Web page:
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Feb 25, 2010 2:40 PM by Rob Kirkpatrick

3rd Circuit Court of Appeals Rules On Purse Snatching Sentence

LAFAYETTE, La. (AP) - The 3rd Circuit Court of Appeal denied arguments this week that 16 years in jail is excessive for a man convicted of purse snatching.
He had 11 prior felony convictions, according to the appeals court decision.
On March 22, 2003, Milton Anthony Wilks allegedly stole the wallet of a shopper in Lafayette. He was caught hiding in the
bushes in the area shortly after and was identified by the victim and store employees as the guilty party, court documents state.
A jury found Wilks guilty of purse snatching in September of 2008 and on March 2, 2009, state District Court Judge Glennon
Everett sentenced Wilks to 16 years in prison at hard labor.
In the court transcript, Everett is quoted as saying he could not remember ever having someone in his courtroom with 11 prior felony convictions.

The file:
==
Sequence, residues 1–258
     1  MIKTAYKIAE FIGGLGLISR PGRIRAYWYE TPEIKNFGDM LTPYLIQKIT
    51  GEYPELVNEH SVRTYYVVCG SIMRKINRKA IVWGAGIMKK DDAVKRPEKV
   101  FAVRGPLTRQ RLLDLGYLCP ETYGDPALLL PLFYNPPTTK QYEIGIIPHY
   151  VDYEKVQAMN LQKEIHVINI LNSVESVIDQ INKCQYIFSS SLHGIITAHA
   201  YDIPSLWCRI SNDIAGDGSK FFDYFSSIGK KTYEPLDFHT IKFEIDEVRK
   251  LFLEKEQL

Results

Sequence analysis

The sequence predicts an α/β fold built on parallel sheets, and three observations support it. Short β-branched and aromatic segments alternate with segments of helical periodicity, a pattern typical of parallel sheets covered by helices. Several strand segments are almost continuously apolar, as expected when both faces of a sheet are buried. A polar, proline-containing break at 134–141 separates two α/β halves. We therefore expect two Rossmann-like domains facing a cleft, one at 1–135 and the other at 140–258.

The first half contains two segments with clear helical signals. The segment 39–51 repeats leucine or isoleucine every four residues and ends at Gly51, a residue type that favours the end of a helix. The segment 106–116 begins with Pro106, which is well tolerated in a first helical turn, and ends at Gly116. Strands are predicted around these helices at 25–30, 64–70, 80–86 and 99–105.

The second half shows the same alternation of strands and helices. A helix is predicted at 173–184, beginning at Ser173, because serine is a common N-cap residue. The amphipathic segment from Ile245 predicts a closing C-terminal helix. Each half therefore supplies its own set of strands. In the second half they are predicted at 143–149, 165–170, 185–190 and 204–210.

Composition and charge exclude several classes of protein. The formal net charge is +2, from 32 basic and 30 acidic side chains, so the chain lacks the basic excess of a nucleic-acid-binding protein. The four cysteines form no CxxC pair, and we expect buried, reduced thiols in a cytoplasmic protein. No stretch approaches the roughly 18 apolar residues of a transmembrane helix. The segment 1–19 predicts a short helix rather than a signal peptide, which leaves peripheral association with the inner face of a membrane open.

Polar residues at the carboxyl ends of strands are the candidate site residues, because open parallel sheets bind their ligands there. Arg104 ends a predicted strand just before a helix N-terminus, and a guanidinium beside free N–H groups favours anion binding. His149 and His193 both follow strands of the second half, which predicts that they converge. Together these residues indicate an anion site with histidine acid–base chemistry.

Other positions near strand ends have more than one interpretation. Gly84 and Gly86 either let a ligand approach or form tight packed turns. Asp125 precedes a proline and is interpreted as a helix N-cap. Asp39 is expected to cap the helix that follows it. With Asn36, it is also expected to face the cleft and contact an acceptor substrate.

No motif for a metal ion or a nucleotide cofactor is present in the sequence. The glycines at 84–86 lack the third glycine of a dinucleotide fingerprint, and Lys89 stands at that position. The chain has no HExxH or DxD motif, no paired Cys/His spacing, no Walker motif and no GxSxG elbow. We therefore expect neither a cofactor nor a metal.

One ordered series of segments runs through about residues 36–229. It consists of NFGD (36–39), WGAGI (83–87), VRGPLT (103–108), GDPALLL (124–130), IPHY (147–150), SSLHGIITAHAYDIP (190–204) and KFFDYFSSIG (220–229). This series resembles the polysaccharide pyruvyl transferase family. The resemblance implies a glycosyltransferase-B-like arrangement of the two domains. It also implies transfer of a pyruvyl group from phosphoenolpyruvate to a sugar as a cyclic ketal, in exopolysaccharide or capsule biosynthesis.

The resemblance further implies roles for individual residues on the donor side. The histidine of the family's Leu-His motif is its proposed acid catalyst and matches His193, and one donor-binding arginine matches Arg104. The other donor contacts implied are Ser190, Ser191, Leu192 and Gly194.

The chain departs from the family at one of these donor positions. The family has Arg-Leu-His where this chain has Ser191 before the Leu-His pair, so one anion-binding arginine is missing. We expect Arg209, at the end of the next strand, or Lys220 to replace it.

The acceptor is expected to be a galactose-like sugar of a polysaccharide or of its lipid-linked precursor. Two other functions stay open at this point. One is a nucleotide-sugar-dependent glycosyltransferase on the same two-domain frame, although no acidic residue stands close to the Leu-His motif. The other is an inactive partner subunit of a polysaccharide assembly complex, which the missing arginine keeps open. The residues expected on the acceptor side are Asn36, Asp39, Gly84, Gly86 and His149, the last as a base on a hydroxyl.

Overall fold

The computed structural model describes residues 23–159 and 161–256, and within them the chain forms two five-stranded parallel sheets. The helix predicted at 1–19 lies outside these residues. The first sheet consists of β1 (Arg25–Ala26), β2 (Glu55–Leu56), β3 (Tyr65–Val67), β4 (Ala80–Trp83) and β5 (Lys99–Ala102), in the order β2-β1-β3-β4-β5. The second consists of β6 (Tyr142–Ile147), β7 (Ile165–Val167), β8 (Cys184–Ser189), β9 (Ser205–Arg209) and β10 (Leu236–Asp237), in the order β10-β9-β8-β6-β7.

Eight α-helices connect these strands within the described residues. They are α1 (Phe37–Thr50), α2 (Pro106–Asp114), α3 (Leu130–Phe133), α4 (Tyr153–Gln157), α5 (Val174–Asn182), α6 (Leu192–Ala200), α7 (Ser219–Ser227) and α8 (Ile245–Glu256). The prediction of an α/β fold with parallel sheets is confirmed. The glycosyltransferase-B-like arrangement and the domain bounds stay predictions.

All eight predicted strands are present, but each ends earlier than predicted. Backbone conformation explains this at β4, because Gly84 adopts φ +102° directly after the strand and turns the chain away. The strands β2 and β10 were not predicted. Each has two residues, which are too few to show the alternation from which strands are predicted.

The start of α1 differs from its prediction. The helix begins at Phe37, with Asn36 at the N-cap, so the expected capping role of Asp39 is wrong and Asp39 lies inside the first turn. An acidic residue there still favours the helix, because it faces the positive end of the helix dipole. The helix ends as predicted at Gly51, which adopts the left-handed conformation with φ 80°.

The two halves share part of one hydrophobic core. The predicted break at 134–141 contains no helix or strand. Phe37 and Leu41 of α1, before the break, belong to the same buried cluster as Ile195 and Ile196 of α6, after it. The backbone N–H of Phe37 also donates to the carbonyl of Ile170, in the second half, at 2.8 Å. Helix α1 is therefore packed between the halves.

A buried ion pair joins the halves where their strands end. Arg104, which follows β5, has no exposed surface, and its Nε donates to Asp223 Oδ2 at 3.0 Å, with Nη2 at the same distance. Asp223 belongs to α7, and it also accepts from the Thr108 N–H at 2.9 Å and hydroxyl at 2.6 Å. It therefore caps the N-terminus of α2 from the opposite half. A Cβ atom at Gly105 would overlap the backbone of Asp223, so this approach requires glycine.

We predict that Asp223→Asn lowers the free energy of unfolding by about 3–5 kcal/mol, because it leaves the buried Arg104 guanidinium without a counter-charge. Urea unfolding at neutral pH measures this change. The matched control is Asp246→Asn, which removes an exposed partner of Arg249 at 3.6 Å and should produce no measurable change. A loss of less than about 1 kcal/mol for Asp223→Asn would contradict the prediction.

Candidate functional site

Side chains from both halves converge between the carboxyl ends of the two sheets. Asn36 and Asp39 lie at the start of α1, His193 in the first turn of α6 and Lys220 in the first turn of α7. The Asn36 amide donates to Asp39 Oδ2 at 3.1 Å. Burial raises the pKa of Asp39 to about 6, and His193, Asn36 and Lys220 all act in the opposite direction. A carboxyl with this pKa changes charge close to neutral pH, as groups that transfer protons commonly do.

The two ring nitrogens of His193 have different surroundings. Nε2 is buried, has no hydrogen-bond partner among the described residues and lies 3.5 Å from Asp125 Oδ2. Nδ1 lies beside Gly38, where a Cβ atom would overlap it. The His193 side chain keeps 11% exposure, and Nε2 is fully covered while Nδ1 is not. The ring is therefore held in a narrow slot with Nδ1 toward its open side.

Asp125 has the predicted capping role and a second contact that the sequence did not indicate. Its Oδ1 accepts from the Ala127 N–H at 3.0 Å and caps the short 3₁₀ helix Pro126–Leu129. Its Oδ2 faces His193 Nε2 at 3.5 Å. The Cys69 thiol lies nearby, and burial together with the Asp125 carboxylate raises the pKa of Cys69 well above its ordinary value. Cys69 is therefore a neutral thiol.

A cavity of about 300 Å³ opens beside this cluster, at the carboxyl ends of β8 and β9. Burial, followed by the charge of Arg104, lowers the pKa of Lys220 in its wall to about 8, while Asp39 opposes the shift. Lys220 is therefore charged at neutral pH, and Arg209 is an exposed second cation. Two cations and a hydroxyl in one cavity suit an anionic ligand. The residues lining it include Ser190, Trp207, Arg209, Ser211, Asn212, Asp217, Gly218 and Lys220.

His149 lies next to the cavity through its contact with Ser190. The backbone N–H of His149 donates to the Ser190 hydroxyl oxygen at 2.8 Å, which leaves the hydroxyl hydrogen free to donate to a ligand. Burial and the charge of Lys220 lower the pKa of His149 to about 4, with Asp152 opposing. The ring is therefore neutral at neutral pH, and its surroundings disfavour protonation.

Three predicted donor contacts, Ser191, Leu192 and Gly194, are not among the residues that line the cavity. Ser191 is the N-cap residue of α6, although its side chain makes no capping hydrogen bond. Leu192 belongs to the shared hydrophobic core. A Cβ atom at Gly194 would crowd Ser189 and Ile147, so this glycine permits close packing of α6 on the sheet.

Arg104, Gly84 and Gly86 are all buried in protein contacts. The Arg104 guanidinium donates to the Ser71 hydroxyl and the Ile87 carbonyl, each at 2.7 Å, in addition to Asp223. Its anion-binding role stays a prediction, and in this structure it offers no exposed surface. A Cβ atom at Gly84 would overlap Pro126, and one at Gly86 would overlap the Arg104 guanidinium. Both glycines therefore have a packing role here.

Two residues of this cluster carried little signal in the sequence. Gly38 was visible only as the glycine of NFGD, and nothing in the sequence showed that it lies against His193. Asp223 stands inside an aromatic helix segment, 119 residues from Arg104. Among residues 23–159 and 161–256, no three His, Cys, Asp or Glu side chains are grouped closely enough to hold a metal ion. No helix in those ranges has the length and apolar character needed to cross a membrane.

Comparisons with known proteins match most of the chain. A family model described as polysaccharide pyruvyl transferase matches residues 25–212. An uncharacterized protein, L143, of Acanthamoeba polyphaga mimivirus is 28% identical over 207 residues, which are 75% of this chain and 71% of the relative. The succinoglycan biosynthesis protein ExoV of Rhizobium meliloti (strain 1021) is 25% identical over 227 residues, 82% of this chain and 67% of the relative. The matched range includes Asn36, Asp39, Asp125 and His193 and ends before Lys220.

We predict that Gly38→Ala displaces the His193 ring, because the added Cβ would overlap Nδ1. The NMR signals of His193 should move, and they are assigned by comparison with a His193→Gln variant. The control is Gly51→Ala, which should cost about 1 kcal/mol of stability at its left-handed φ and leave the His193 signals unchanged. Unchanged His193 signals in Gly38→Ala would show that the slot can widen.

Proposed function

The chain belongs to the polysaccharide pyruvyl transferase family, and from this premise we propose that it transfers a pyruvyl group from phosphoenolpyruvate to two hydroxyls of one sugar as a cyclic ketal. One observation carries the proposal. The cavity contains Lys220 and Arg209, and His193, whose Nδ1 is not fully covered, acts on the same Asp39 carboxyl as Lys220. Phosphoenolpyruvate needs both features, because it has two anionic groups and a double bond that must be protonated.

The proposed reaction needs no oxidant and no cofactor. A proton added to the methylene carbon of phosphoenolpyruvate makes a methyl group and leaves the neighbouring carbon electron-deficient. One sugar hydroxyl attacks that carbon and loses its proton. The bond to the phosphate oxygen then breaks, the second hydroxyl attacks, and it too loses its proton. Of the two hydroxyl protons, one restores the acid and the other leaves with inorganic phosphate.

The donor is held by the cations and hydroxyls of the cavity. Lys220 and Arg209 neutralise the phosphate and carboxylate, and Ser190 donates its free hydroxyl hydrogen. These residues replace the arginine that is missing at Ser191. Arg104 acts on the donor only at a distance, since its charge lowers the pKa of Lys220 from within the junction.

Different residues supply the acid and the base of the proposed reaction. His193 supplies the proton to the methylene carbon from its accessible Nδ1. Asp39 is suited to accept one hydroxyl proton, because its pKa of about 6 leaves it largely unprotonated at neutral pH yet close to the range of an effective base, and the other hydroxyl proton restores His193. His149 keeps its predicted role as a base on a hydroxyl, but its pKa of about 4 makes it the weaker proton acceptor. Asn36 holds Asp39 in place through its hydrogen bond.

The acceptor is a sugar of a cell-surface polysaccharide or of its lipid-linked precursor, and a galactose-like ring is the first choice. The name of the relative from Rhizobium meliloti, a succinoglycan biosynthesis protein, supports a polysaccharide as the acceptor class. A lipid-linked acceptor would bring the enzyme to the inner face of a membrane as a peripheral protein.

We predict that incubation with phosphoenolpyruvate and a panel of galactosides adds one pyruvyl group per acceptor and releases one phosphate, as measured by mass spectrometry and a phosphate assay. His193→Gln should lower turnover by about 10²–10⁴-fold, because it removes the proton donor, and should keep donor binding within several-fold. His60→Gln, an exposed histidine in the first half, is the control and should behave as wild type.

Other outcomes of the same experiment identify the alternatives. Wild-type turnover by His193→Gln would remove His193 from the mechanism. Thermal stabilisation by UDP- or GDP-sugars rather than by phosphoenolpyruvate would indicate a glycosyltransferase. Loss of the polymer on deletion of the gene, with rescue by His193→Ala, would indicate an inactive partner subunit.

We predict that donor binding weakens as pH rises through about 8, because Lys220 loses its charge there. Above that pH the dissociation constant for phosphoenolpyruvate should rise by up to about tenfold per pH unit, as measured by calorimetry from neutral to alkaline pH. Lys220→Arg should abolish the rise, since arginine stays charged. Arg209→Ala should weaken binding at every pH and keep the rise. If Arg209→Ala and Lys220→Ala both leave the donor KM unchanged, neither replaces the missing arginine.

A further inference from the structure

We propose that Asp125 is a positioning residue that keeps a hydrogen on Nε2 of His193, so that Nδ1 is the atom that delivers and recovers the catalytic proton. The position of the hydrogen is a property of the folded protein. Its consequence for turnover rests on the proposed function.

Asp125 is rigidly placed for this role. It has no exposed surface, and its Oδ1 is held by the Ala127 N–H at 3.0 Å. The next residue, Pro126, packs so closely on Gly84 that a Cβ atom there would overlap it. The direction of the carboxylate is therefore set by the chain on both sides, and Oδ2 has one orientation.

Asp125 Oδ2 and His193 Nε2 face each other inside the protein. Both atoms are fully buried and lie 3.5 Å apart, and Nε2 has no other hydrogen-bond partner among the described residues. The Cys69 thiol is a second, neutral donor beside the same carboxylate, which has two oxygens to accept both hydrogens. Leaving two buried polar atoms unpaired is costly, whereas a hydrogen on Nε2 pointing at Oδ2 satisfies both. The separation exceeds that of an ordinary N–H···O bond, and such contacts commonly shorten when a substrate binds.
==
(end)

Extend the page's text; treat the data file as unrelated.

By law, Everett could have sentenced Wilks to anywhere from two years to 20 years in jail. Prosecutors asked for the maximum sentence.
Everett stated during the sentencing that for Wilks, "a maximum sentence ... in all likelihood is a life sentence" because of his age, 58 years old. The 16-year sentence provides Wilks with the possibility of freedom in his mid-70s, he said.
The appeals court determined that 16 years is not an excessive sentence in this case.
Wilks also appealed the trial court's decision, claiming too much time passed before he was tried. He was arrested in 2003 and tried in 2008.
The appeals court stated that the prosecution provided evidence that Wilks signed a court summons promising to appear for pretrial in October 2003 and his December 2003 trial. He did not show up for either.
Wilks finally appeared in court in October 2007 following his arrest a few days earlier. The appeals court denied Wilks' argument because the delay was caused by his own failure to show up for his trial.
Finally, Wilks appealed using the argument that the identification of him as the offender was not reliable. The Third
Circuit Court of Appeal also denied that argument.

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